19. General multi-group macroscopic modeling for thermo-chemical non-equilibrium gas mixtures

    Science.gov (United States)

    Liu, Yen; Panesi, Marco; Sahai, Amal; Vinokur, Marcel

    2015-04-01

    This paper opens a new door to macroscopic modeling for thermal and chemical non-equilibrium. In a game-changing approach, we discard conventional theories and practices stemming from the separation of internal energy modes and the Landau-Teller relaxation equation. Instead, we solve the fundamental microscopic equations in their moment forms but seek only optimum representations for the microscopic state distribution function that provides converged and time accurate solutions for certain macroscopic quantities at all times. The modeling makes no ad hoc assumptions or simplifications at the microscopic level and includes all possible collisional and radiative processes; it therefore retains all non-equilibrium fluid physics. We formulate the thermal and chemical non-equilibrium macroscopic equations and rate coefficients in a coupled and unified fashion for gases undergoing completely general transitions. All collisional partners can have internal structures and can change their internal energy states after transitions. The model is based on the reconstruction of the state distribution function. The internal energy space is subdivided into multiple groups in order to better describe non-equilibrium state distributions. The logarithm of the distribution function in each group is expressed as a power series in internal energy based on the maximum entropy principle. The method of weighted residuals is applied to the microscopic equations to obtain macroscopic moment equations and rate coefficients succinctly to any order. The model's accuracy depends only on the assumed expression of the state distribution function and the number of groups used and can be self-checked for accuracy and convergence. We show that the macroscopic internal energy transfer, similar to mass and momentum transfers, occurs through nonlinear collisional processes and is not a simple relaxation process described by, e.g., the Landau-Teller equation. Unlike the classical vibrational energy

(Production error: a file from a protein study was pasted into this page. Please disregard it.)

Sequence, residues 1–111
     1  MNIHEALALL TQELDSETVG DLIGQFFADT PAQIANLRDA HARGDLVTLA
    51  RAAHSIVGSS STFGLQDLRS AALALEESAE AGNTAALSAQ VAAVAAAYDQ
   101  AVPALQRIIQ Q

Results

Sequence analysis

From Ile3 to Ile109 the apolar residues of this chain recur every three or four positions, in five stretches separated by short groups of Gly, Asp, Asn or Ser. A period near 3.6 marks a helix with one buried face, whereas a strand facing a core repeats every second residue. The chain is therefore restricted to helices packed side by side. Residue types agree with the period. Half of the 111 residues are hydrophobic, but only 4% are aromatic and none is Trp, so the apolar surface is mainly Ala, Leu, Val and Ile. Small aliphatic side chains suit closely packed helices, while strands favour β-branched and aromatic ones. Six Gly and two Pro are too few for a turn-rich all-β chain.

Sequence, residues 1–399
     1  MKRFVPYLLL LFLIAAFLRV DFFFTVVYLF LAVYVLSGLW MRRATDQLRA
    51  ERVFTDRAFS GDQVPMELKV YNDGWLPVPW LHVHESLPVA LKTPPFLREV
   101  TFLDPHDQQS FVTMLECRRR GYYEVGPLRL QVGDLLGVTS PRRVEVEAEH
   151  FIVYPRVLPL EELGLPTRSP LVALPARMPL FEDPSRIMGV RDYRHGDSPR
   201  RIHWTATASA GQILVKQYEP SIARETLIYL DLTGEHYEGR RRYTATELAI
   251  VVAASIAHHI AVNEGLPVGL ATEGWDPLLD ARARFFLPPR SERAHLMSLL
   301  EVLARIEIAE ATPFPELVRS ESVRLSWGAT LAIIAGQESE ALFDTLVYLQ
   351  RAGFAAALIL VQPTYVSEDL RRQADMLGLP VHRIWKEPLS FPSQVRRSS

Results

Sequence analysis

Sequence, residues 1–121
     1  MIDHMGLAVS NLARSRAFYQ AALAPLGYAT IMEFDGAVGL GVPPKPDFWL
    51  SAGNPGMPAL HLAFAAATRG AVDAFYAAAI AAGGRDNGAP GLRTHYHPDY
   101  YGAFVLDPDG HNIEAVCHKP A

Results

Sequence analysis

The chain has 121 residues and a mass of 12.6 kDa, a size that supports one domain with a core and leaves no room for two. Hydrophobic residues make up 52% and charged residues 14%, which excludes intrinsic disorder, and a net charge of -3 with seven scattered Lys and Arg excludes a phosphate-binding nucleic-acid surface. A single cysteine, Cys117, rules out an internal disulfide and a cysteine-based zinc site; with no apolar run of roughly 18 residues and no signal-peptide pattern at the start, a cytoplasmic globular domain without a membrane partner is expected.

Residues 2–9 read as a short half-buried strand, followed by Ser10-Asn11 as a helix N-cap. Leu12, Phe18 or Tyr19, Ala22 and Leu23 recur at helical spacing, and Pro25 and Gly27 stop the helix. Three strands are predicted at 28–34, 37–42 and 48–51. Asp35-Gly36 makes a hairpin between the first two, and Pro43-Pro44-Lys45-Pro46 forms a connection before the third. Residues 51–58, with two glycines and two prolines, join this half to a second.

20. General multi-group macroscopic modeling for thermo-chemical non-equilibrium gas mixtures.

    Science.gov (United States)

    Liu, Yen; Panesi, Marco; Sahai, Amal; Vinokur, Marcel

    2015-04-07

    This paper opens a new door to macroscopic modeling for thermal and chemical non-equilibrium. In a game-changing approach, we discard conventional theories and practices stemming from the separation of internal energy modes and the Landau-Teller relaxation equation. Instead, we solve the fundamental microscopic equations in their moment forms but seek only optimum representations for the microscopic state distribution function that provides converged and time accurate solutions for certain macroscopic quantities at all times. The modeling makes no ad hoc assumptions or simplifications at the microscopic level and includes all possible collisional and radiative processes; it therefore retains all non-equilibrium fluid physics. We formulate the thermal and chemical non-equilibrium macroscopic equations and rate coefficients in a coupled and unified fashion for gases undergoing completely general transitions. All collisional partners can have internal structures and can change their internal energy states after transitions. The model is based on the reconstruction of the state distribution function. The internal energy space is subdivided into multiple groups in order to better describe non-equilibrium state distributions. The logarithm of the distribution function in each group is expressed as a power series in internal energy based on the maximum entropy principle. The method of weighted residuals is applied to the microscopic equations to obtain macroscopic moment equations and rate coefficients succinctly to any order. The model's accuracy depends only on the assumed expression of the state distribution function and the number of groups used and can be self-checked for accuracy and convergence. We show that the macroscopic internal energy transfer, similar to mass and momentum transfers, occurs through nonlinear collisional processes and is not a simple relaxation process described by, e.g., the Landau-Teller equation. Unlike the classical vibrational energy